Please let me know if you’d be interested in helping me complete my Tropical Butterfly Garden Art Installation project. I’d be happy to provide more details and hopefully we can discuss feasibility, timelines, yarns, colors and pricing soon.

Tokyo Art Book Fair 2014: Interview with Studio Deanna


Studio Deanna:

The Spendy Pencil interviewed me regarding my work for the upcoming Tokyo Art Book Fair, Sept 19 – 21. Thanks, Spendy Pencil!

Originally posted on The Spendy Pencil:

The Zinesmate Tokyo Art Book Fair starts September 19th and I’m interviewing fellow Art Byte Critique artists about their work. The second in the series of eight interviews presents Deanna Koubou of Studio Deanna. Deanna is a fiber and metal artist from the United States.

Where are you from and how long have you been in Japan?
I am an emerging American artist who has lived in Japan for about 10 years. I have visited 49 of the 50 states and lived in 11, most recently California.

Detail of Navigation and Migration series.

Detail of Navigation and Migration series.

How long have you been making books?
About a year. I’ve been stitching and sewing since I was a child so jumping into hand stitched art books has been a very comfortable new art form for me.

How did you come to join ABC (Art Byte Critique)
As a group we’ve been meeting for almost a year to…

View original 274 more words

Tokyo Art Book Fair 2014 Preparation Update


Studio Deanna:

Mamebon and Estello Art Book progress report from my fellow artist, Lori, who will also be at the Tokyo Art Book Fair, Sept 19 – 21.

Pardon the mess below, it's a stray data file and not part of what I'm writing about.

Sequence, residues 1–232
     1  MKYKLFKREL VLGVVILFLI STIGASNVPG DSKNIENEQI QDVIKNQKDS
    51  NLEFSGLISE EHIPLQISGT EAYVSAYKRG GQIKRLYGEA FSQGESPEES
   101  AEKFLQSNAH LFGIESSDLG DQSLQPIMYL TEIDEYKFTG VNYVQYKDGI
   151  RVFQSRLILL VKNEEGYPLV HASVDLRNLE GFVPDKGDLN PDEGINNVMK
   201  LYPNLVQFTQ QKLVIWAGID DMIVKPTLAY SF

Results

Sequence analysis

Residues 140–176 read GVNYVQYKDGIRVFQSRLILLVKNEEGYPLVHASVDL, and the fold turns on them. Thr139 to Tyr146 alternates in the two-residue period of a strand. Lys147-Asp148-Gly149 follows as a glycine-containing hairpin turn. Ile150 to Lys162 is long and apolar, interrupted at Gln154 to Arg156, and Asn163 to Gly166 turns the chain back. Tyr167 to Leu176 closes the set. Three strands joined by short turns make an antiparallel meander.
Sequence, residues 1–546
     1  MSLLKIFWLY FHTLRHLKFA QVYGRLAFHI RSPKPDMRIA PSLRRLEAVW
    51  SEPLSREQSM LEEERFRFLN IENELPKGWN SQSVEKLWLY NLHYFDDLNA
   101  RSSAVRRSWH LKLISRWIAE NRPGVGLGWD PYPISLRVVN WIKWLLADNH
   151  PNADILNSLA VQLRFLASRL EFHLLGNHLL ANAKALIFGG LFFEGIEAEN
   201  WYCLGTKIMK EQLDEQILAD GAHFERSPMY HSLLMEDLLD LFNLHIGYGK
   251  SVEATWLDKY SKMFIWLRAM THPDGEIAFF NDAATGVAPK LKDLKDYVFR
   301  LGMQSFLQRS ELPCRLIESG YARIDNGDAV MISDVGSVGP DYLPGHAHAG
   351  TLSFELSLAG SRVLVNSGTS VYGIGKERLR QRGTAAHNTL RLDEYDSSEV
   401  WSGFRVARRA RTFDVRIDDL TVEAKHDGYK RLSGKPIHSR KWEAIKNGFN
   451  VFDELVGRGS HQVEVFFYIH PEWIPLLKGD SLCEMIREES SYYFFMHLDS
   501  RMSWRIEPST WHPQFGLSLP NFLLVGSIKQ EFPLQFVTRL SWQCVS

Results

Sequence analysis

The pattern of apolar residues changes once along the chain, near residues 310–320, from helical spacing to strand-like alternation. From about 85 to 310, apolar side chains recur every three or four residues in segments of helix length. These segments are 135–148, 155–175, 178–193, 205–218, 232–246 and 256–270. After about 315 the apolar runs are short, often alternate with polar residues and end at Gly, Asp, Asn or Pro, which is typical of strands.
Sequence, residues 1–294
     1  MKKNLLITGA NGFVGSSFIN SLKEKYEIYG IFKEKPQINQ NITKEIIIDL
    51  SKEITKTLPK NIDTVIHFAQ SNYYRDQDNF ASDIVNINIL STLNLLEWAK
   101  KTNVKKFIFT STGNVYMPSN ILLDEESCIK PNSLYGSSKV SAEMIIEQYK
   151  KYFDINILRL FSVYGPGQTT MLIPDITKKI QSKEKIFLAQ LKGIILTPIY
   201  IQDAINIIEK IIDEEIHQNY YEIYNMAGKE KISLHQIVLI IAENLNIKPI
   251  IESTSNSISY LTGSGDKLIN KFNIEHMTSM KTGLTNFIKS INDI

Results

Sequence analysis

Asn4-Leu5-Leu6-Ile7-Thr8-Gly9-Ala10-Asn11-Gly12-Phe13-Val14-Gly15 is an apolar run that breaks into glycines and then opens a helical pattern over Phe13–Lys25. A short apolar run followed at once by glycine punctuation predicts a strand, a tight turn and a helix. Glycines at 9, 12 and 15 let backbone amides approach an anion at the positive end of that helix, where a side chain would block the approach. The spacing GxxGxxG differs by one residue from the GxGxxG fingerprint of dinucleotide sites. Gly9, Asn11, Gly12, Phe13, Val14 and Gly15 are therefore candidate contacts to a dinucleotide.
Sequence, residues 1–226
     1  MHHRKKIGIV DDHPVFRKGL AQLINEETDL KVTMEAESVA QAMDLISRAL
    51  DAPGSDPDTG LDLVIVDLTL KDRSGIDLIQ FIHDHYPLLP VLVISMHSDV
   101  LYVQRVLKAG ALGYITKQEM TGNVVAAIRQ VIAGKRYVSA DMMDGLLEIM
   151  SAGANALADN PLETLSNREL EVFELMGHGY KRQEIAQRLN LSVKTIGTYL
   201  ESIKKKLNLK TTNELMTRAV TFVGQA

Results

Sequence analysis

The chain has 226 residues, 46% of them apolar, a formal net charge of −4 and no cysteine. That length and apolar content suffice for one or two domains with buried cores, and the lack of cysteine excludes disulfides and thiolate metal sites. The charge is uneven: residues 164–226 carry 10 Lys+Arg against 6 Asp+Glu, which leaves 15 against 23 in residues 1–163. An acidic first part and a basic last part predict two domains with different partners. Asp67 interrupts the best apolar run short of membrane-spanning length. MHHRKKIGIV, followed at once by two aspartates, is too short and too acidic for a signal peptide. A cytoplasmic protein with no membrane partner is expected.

Originally posted on The Spendy Pencil:

With less than two weeks to go until the Zinesmate Tokyo Artbook Fair 2014, I haven’t hit the panic button yet. Things seem to be going pretty well. If I meet my weekly target this week I think I’ll be okay.

Last week had tasks other than book making. I created an invite for a PDF mailout for our group and ordered new business cards with a company called Graphics. I’m stupidly proud of the PDF invite because I figured out how to make links on the PDF. This isn’t a really complicated thing, but I’d never done that before so it was nice that it worked out. It works even better on my smartphone than my computer.

Preparing the books has been a lot of fun. There have been compromises, but the good kind.

Estello Mame Bons

Multi-media: photography, hand-made stamps and pen illustration on washi. Concertina binding in hardcover.

Multi-media: photography, hand-made stamps and pen illustration on washi. Concertina binding in hardcover.

View original 447 more words

Tokyo Art Book Fair 2014: Interview with Arthur Huang


Studio Deanna:

My fellow Tokyo Art Byte Critique artist who I will be joining at the Tokyo Art Book Fair Sept 10 – 21.

Originally posted on The Spendy Pencil:

The Zinesmate Tokyo Art Book Fair starts next week and I’m participating with the Art Byte Critique Group. Art Byte Critique is a diverse group of artists based in Tokyo. I’m really excited about the event and really proud to be part of the group. They were generous enough to spare some time from their preparation to do an interview with me. Over the next two weeks, I’ll be posting their interviews on The Spendy Pencil.

The first interview is with Arthur Huang, founder of Art Byte Critique Group.

Tell us about your background.
I moved to Tokyo from the San Francisco Bay Area in 2009. I work at the RIKEN Brain Science Institute as a researcher in a laboratory studying the mechanisms of learning and memory in mice. At the same time, I maintain a studio practice working as a visual artist interested in memory and the everyday.

View original 606 more words

“Hyper”stitch Bookbinding Video – Travel Journals

Art Book

I’ve been busy Longstitch Binding the last of my map-paged Travel Journals to be shown at the Tokyo Art Book Fair 2014.

Special Thanks to Sea Lemon’s Longstitch Bookbinding tutorial on YouTube.

Filmed using Hyperlapse. Came out blurrier than expected, sorry about that.